Folder 156. Letter from [Sen.] Edward Livingston, Montgomery [Place?], N.Y., to [Arsène] Lacarrière Latour, Esq., care of John [Mordock Esq.?], [Mencht?], Havanna [sic], [Cuba]. 1830 Aug. 1. Livingston states that the press of Jackson's friends for government positions had been overwhelming. Signed: Edw. Livingston. [Arsène LaCarrière-Latour had been Chief Topographical Engineer during the Gulf Campaign of the War of 1812. He had written Jackson asking for an appointment as U.S. Consul to Cuba.] 2 pp. 1 item.

Folder 157. Letter from []William B.] Lewis, [Second Auditor, Treasury Department], Washington, [DC], to the Hon. James Buchanan, [Member of Congress], Washington, [DC]. 1831 Jan. 31. Lewis, on behalf of the President, [Andrew Jackson], asks Buchanan to extend to Genl. Porter of Lancaster the offer of an appointment as Marshall for the Eastern District of Pennsylvania as evidence of the President's friendship. He would prefer to offer something better, but this is the only appointment worthy of Porter's attention in the Eastern section of the state. He is unsure of the salary, but believes it to be between two and three thousand dollars. Signed: W. B. Lewis. 3 pp. 1 item.

Folder 158. Appointment by President Andrew Jackson of John Coffee of Alabama as Surveyor of the Public Lands in the State of Alabama. 1831 July 9. Formal, handwritten document with Presidential seal. Signed: Andrew Jackson. Countersigned: Edw. [Edward] Livingston (underneath in another hand is written "Secretary of State"). [Note: Coffee was formerly Brigadier General of the Tennessee Mounted Gunmen in the War of 1812.] 1 p. 1 item.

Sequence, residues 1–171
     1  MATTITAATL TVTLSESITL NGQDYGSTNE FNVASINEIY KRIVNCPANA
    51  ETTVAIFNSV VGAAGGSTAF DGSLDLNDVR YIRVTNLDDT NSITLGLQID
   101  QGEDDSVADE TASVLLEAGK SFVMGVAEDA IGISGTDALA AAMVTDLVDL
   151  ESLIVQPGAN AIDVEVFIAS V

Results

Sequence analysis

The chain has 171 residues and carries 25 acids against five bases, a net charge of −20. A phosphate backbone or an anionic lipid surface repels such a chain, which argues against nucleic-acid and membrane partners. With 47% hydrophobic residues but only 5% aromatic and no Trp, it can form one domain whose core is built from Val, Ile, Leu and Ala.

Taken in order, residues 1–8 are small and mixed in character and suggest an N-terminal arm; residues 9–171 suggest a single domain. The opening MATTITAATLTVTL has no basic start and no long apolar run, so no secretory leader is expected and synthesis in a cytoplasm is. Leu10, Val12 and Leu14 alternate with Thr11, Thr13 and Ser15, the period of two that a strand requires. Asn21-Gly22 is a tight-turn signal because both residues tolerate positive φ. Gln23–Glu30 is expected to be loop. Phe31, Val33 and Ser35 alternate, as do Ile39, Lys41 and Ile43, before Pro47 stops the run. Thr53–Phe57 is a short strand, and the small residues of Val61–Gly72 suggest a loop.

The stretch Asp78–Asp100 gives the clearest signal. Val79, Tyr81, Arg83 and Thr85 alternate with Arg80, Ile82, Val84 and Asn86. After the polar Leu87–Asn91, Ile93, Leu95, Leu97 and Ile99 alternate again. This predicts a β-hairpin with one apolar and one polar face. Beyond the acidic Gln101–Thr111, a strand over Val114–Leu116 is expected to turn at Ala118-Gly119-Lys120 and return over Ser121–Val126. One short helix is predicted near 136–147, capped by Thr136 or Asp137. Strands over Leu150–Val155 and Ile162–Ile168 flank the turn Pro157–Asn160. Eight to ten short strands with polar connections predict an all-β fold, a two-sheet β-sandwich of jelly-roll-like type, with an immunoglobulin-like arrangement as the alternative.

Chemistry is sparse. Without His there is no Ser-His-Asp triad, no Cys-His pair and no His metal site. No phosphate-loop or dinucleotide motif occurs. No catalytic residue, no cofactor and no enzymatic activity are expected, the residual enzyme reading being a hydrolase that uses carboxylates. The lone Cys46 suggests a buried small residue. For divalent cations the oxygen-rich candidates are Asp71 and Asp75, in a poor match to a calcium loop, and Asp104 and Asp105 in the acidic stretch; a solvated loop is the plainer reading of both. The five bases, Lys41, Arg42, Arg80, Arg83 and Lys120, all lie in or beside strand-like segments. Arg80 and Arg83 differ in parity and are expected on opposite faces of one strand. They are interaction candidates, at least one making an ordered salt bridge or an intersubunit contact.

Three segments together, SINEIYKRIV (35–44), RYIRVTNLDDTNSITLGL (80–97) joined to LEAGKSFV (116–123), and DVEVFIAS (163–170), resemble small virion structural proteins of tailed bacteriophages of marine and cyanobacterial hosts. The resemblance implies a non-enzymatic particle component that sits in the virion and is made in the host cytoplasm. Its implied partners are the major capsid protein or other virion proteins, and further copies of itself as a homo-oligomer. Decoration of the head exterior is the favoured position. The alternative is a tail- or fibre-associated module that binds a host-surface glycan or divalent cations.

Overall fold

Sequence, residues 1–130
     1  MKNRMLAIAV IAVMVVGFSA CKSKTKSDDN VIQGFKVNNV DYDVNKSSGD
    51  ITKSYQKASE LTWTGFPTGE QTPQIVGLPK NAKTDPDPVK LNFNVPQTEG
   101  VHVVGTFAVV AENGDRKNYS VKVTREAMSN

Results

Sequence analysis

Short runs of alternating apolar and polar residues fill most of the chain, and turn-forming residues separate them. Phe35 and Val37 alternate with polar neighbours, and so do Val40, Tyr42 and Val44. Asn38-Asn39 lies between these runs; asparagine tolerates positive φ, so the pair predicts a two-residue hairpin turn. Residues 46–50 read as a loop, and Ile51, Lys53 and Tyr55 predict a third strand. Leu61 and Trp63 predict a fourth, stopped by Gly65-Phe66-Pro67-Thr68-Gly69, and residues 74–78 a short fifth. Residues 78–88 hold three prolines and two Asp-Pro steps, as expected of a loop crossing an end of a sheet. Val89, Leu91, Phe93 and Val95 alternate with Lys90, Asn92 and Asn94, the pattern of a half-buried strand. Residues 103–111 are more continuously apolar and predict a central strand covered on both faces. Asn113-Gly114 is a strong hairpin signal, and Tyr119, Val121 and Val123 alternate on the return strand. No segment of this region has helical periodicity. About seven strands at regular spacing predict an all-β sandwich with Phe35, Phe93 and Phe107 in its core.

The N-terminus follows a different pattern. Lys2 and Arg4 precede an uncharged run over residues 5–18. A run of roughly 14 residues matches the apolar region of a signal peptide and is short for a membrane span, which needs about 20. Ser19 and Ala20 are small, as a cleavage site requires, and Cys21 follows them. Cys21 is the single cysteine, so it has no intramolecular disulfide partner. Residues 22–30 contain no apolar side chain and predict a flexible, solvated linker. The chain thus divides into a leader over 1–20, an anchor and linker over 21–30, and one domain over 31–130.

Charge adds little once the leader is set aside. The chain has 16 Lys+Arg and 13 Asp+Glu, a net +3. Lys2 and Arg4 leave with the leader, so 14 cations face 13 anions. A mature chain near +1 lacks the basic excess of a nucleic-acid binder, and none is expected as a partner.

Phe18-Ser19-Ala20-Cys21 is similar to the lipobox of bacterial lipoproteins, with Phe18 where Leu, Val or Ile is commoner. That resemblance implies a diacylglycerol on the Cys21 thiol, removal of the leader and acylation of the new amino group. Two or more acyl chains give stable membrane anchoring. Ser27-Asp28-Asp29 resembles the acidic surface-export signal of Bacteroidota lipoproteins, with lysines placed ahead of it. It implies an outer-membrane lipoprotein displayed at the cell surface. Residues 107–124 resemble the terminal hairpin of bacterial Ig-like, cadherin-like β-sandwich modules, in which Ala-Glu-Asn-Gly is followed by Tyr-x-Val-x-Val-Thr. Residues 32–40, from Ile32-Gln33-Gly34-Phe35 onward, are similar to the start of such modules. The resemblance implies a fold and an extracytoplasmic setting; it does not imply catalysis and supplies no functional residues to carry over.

Folder 159. Note from Edward Livingston, [Minister Plenipotentiary to France], to Major [Arsène] Lacarrière Latour. 1835 Apr. 14. Livingston thanks him for the wine and sends him warm wishes. Signed: Edw. Livingston. 1 p. 1 item.

Folder 160. Map, [hand-drawn by General F. Maunsell (85th Light Infantry, British Army)]. Sketch of the attack on the lines in advance of New Orleans. [1835]. Pen and ink with gouache. Hand-drawn map showing British and American troop positions and movement during the Battle of New Orleans. Shows bird's-eye view of battlefield and surrounding area [currently Chalmette Battlefield and National Cemetery]; Mississippi River; Lower Coast Algiers; naval ships on river; batteries; land features; location of structures along Mississippi. Inset with title information and scale information given in toises. Additional inset with key to map. Inscription, left side, top to bottom, watermark: Weatherly / 1835. [Note: Laid in: George Gleig's "A Narrative of the Campaigns of the British Army at Washington and New Orleans..., London: John Murray, 1821.] 1 item.